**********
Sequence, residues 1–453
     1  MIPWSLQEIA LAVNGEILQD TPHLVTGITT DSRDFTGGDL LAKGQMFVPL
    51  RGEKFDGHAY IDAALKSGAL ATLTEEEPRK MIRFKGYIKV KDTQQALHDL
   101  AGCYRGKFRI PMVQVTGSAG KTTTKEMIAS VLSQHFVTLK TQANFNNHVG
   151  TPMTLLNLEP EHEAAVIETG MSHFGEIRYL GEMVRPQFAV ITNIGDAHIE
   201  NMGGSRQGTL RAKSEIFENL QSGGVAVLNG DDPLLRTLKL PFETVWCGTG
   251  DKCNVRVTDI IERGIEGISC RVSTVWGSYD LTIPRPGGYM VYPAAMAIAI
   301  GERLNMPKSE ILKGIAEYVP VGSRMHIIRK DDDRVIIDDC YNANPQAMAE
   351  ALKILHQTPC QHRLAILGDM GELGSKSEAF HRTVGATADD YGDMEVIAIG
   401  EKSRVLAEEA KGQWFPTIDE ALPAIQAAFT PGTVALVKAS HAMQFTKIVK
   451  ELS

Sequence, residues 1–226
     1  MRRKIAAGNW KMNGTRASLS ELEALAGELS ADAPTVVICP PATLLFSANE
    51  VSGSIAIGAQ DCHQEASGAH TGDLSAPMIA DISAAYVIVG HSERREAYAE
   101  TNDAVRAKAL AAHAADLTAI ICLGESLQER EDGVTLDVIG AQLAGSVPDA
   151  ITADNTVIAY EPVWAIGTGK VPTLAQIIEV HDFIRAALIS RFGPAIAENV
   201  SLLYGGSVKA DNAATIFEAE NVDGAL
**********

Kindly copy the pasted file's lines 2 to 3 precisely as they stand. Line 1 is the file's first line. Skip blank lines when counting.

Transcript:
     1  MIPWSLQEIA LAVNGEILQD TPHLVTGITT DSRDFTGGDL LAKGQMFVPL
    51  RGEKFDGHAY IDAALKSGAL ATLTEEEPRK MIRFKGYIKV KDTQQALHDL